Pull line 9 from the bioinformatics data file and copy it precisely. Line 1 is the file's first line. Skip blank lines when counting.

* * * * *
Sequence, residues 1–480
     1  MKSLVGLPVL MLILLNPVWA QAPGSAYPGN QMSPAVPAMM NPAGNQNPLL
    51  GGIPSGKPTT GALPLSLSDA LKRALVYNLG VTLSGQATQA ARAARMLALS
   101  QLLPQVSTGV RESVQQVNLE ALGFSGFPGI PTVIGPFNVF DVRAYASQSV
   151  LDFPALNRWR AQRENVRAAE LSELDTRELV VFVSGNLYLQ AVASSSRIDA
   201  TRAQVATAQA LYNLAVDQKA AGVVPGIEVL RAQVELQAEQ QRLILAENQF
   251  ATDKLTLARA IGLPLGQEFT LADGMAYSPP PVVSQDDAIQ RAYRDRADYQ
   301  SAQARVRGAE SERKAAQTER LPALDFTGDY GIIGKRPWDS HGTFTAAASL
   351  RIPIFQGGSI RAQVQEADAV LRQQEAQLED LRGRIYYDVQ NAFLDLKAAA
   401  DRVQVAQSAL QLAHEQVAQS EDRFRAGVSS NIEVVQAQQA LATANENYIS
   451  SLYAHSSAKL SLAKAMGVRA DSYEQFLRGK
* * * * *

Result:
   351  RIPIFQGGSI RAQVQEADAV LRQQEAQLED LRGRIYYDVQ NAFLDLKAAA